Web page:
14 July 2022

Praying with the Psalms in Ordinary Time:
14 July 2022 (Psalm 141)

‘Let my prayer be counted as incense before you’ (Psalm 141: 2) … in the vestry in Saint Bartholomew’s Church, Ballsbridge, Dublin (Photograph: Patrick Comerford)

Patrick Comerford

In the Calendar of the Church, we are in Ordinary Time. The calendar of the Church of England in Common Worship today (14 July 2022) recalls John Keble, Tractarian and Poet (1866) with a lesser festival.

I have an appointment in Milton Keynes University Hospital later this morning. But, before today begins, I am taking some time this morning to continue my reflections drawing on the Psalms.

In my blog, I am reflecting each morning in this Prayer Diary in these ways:

1, Short reflections on a psalm or psalms;

2, reading the psalm or psalms;

3, a prayer from the USPG prayer diary.

Psalm 141:

Psalm 141 is the fourth psalm in the final Davidic collection of psalms (Psalm 138 to Psalm 145) that are specifically attributed to David in their opening verses.

In the slightly different numbering system in the Greek Septuagint and the Latin Vulgate, this is Psalm 140. Its name in Latin is Dirigatur oratio mea.

This Psalm is a plea to God not only for protection from the psalmist’s enemies, and also from temptation to sin.

This psalm contains a prayer for deliverance from ‘from the trap that they have laid for me, and from the snares of evildoers’ (verse 9), and seeks God’s support to live a life without sin (‘Do not turn my heart to any evil,’ verse 4).

This could be read as the prayer of an ordinary worshipper. But there indications too that this a ‘king’s psalm,’ offered during a military campaign far away from Jerusalem, or in exile, for he cannot offer the sacrifices in the temple (see verse 2) and he laments over losses in battle (see in verse 7).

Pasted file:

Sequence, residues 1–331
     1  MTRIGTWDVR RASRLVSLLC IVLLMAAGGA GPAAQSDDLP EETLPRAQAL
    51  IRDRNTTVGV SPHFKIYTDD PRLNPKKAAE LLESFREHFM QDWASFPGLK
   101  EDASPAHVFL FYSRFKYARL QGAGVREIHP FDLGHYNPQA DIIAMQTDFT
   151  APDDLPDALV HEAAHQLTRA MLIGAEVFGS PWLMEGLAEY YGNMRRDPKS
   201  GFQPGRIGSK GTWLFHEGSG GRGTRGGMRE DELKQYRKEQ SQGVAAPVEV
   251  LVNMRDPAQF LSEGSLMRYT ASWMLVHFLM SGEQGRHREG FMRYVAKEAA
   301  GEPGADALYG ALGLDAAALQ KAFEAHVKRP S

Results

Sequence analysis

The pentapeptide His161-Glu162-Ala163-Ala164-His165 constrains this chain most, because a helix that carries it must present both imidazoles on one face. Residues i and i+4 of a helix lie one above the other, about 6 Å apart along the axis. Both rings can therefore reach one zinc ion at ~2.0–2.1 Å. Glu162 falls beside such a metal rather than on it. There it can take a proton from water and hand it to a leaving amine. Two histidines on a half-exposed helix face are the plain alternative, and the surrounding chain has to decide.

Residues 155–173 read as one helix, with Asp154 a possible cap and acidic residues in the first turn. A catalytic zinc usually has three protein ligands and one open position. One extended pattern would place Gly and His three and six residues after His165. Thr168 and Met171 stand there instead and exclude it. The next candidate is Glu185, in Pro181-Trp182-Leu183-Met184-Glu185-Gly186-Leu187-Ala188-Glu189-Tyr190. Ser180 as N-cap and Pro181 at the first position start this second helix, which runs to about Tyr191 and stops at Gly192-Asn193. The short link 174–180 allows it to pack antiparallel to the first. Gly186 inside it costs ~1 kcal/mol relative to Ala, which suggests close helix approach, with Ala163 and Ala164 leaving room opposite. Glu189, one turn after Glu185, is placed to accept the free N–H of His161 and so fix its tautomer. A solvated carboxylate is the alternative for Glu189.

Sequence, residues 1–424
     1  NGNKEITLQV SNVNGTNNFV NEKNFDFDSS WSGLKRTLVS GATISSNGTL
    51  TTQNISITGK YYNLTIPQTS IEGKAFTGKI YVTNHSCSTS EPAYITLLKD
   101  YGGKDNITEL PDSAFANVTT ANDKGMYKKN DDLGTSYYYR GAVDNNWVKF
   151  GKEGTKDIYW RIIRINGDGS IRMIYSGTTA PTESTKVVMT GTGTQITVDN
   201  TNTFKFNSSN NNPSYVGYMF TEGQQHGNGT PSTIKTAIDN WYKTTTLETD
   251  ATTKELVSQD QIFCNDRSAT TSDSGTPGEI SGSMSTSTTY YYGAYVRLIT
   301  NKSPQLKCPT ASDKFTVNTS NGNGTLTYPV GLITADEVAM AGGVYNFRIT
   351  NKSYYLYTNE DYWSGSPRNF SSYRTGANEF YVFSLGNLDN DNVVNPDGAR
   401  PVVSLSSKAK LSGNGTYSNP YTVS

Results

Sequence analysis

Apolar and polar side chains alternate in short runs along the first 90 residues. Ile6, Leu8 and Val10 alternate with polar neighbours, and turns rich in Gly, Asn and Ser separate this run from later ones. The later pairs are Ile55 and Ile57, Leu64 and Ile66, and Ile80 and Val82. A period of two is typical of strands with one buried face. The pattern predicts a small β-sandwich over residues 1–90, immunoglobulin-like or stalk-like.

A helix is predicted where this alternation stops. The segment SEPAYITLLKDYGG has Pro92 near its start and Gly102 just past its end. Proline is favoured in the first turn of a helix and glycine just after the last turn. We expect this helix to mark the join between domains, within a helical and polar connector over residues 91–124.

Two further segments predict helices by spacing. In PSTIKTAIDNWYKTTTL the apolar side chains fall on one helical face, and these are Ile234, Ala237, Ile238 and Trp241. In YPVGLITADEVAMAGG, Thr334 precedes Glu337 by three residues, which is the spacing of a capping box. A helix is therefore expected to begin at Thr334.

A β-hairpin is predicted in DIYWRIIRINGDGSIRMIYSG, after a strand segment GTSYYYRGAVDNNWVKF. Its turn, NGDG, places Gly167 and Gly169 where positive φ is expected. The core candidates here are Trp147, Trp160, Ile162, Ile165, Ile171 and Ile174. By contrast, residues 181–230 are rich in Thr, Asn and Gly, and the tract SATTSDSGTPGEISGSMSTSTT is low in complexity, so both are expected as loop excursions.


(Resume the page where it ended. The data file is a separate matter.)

A wisdom teaching in verse 4, asking to be kept away from bad company, is similar to Psalm 1.

A phrase in verses 6-7 is translated ‘When they are given over to those who shall condemn them’ in the NRSV. But the translations vary, for example: ‘When their judges are overthrown in stony places …’ (KJV), or ‘thrown down from the cliffs’ (NIV). But the full saying is difficult to translate, and, at best, translators are offering a guess.

Verses 8-10 express a plea for help against persecutors in terms similar to words in Psalm 140.

Perhaps there are two sets of petitions in prayer (verses 5-7 and verses 8-10).

The King James version offers an archaic phrase: ‘Keep me from … the gins of the workers of iniquity’ (verse 9). The word used to translates מקשות in this verse is a form of ‘engines’ and is translated as ‘traps’ or ‘snares’ in many modern translations.

‘Keep me from the snares which they have laid for me, and the gins of the workers of iniquity’ (Psalm 141: 9, KJV) … a poster for gins from Whitechapel Distillers seen in a bar (Photograph: Patrick Comerford)

Psalm 141 (NRSVA):

A Psalm of David.

1 I call upon you, O Lord; come quickly to me;
give ear to my voice when I call to you.
2 Let my prayer be counted as incense before you,
and the lifting up of my hands as an evening sacrifice.

3 Set a guard over my mouth, O Lord;
keep watch over the door of my lips.
4 Do not turn my heart to any evil,
to busy myself with wicked deeds
in company with those who work iniquity;
do not let me eat of their delicacies.

5 Let the righteous strike me;
let the faithful correct me.
Never let the oil of the wicked anoint my head,
for my prayer is continually against their wicked deeds.
6 When they are given over to those who shall condemn them,
then they shall learn that my words were pleasant.
7 Like a rock that one breaks apart and shatters on the land,
so shall their bones be strewn at the mouth of Sheol.

8 But my eyes are turned towards you, O God, my Lord;
in you I seek refuge; do not leave me defenceless.
9 Keep me from the trap that they have laid for me,
and from the snares of evildoers.
10 Let the wicked fall into their own nets,
while I alone escape.

Today’s Prayer:

The theme in the prayer diary of the Anglican mission agency USPG (United Society Partners in the Gospel) this week is ‘Partners in Mission.’ It was introduced on Sunday.

Thursday 14 July 2022:

The USPG Prayer Diary invites us to pray today in these words:

Let us pray for our partners across Bangladesh and India. May we learn from their thriving churches and walk alongside them in mission.

Yesterday’s reflection

Continued tomorrow

Scripture quotations are from the New Revised Standard Version Bible: Anglicised Edition copyright © 1989, 1995, National Council of the Churches of Christ in the United States of America. Used by permission. All rights reserved worldwide. http://nrsvbibles.org

No comments: